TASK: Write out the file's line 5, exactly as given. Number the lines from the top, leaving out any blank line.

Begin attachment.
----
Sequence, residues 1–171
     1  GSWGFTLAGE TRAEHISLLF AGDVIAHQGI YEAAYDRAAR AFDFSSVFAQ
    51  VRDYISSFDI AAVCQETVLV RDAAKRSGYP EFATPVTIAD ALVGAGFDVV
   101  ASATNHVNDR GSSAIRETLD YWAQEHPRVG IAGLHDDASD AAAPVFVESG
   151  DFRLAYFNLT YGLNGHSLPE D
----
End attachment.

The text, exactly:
   151  DFRLAYFNLT YGLNGHSLPE D